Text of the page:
Press Release

AFT’s Weingarten Reacts to Oral Arguments in Espinoza v. Montana

Supreme Court Could Unleash Earthquake Threatening Public Education and Religious Liberty

For Release:


WASHINGTON—Following today’s Supreme Court oral arguments in Espinoza v. Montana Department of Revenue, American Federation of Teachers President Randi Weingarten issued the following statement:

“Today’s argument revealed a closely divided court that appeared skeptical of the most far-reaching and dangerous theories advanced by the petitioners.

“Thankfully, several justices, including Chief Justice Roberts, questioned the petitioners’ standing and asked hard questions of the right-wing Institute for Justice, which is trying to advance a contradictory and truly radical legal theory that would undermine public financing of public education in 38 states.

“Make no mistake, if a majority of the justices side with the petitioners, the Supreme Court will be responsible for unleashing a virtual earthquake in this country that threatens both religious liberty and public education. It would turn more than two centuries of American history and our understanding of the Constitution and religious liberty on their head, and mandate public taxpayer support for religious schools.   

“We know that in previous cases, Justice Roberts did not embrace this kind of radical rewrite of the Constitution. But the right wing has been stealthy in how it has operated, knowing the court is acutely aware of public opinion.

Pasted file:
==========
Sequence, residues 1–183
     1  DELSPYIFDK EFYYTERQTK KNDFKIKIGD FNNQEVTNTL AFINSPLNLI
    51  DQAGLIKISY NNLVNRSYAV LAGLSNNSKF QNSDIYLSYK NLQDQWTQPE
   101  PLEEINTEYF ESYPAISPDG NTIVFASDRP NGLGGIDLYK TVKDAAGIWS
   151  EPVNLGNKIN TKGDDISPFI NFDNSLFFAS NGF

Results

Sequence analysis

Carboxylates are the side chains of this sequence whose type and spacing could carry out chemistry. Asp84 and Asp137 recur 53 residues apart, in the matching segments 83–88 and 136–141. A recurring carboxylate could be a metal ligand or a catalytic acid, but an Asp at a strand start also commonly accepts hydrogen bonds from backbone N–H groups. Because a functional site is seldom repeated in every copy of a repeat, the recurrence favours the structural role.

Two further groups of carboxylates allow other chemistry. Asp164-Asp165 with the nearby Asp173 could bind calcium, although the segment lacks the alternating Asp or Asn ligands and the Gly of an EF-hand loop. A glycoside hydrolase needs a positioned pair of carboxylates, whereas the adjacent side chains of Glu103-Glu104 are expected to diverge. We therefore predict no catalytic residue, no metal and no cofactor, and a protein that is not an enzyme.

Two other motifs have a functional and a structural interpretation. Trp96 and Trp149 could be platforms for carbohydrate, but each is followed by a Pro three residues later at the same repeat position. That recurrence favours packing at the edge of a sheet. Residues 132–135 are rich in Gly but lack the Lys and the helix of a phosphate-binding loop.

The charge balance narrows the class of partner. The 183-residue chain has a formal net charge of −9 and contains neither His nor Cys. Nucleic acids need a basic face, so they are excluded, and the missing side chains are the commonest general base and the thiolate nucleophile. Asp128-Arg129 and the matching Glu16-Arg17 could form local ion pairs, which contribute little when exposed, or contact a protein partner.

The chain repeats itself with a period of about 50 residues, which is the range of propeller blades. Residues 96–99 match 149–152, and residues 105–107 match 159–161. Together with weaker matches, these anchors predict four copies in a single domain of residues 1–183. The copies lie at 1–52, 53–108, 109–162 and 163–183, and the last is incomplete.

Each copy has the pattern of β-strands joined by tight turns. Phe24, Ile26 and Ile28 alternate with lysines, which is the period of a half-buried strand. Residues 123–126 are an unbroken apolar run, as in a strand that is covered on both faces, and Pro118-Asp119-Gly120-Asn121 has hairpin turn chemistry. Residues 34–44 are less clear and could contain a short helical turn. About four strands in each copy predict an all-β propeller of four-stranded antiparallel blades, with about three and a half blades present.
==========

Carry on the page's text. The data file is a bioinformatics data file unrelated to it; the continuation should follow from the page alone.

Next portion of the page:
“This case is being spearheaded by the right-wing IFJ, which has collected tens of millions of dollars from the Waltons, the DeVoses, Charles Koch and other wealthy donors to attack public education. They are bankrolling this effort as a backdoor attempt to get the court to impose Betsy DeVos’ failed agenda of private school vouchers nationwide. It is no coincidence that DeVos was at the court in person today to hear oral arguments.

“As a person of faith, I’m deeply worried about the impact this case could have. Our freedom to practice our religion comes from free exercise clause and the separation of church and state. The framers never intended to require public funding of religious institutions or schools. In fact, that’s exactly what the free exercise clause and the separation of church and state were meant to prevent. And as a teacher and a believer in public education, I am deeply worried about the effects of this case on the financing of our public schools, which are attended by 90 percent of our children.

“Teachers, students, parents, school staff, and all allies who believe in public education understand the stakes. Whatever the court decides, we will continue our fight to oppose this blatant attack on our nation’s very foundations.”

For an interview with AFT President Randi Weingarten or AFT General Counsel David Strom, who attended today’s argument, please contact


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The AFT represents 1.7 million pre-K through 12th-grade teachers; paraprofessionals and other school-related personnel; higher education faculty and professional staff; federal, state and local government employees; nurses and healthcare workers; and early childhood educators.